The Ethno-Fictions of Laura Huertas Millán + Q&A, Open City Documentary Festival, London, 7th September 2018.

Following the showing of three of her short films, Colombian artist and film-maker Laura Huertas Millán took part in an interview and answered questions from the audience. There is much to be said about this work, but here I’ll concentrate on aspects that led me to reflect on the direction of my own work. The films combine fiction and documentary, exploring settings, relations and lived experience. The fictional aspects include scripted and improvised dialogue (for instance, conversation between the film-maker and her mother). To a degree, this bears a resemblance to Jeff Wall’s re-staging of witnessed events.

Jeff Wall, 1982, Mimic

For my own work, this suggests the possibility of co-creation of images with participants, and maybe the re-making of photographs taken by, or events re-counted by, residents, using image making as a means of exploring their experiences and aspirations, and communicating these to different audiences.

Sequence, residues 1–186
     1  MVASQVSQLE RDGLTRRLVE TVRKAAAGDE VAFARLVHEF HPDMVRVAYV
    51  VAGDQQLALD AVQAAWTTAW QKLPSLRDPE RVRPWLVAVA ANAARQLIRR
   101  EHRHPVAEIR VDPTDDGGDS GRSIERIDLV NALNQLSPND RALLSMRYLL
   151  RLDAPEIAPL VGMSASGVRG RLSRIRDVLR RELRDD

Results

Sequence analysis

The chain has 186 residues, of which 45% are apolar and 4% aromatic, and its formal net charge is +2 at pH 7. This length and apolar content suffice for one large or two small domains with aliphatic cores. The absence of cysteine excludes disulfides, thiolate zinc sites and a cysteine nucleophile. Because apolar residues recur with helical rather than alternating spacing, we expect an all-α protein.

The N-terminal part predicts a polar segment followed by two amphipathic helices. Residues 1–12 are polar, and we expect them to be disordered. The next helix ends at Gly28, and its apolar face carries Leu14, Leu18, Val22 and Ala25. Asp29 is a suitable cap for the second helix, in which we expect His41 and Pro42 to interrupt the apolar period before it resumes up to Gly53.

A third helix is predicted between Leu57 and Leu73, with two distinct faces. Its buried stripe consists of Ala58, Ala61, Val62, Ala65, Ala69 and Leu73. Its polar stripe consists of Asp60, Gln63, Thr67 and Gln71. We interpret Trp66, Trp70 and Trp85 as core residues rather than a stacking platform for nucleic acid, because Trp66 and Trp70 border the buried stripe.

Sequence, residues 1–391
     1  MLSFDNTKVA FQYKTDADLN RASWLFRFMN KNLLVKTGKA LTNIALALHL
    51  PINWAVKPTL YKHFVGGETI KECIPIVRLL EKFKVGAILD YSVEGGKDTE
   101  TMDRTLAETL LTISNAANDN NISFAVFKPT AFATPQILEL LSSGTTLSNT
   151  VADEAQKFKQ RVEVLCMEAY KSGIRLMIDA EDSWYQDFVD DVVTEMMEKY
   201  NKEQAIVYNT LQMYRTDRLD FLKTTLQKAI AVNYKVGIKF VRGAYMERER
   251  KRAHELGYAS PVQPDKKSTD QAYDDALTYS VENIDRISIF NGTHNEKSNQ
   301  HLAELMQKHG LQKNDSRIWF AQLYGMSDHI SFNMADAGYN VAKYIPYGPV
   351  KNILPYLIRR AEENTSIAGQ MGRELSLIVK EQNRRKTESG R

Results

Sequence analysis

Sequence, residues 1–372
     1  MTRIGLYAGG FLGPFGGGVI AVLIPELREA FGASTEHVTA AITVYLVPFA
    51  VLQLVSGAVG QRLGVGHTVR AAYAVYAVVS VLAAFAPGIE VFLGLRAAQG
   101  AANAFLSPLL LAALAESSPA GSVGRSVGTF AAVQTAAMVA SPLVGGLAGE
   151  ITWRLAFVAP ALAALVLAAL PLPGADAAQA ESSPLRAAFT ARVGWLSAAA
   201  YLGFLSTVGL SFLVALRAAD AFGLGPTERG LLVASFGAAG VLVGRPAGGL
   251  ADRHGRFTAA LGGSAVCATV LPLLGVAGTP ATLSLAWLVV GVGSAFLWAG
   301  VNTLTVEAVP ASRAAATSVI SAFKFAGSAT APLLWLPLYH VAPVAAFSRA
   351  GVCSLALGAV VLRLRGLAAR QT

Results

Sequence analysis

Close focus on the body, and the stitching together of fragments is used to give a sense of a particular life-world. The creation of a narrative is secondary (and very much in the hands of the viewer). The films avoid the exoticism and colonial tropes that can inflect explorations with an ethnographic intent. Serendipity was also discussed with respect to the opening of one of the films, shot on 16mm film, in which the film had accidentally been run twice through the camera, superimposing two contrasting settings. This brought to mind Harry Callaghan’s double exposure photographs, and the potential of the accidental in image making as a spur to creativity. This would seem to hold some potential in collaborative image making, particularly where some participants have specialist knowledge and experience, which can be subverted through collective consideration of accidental artifacts.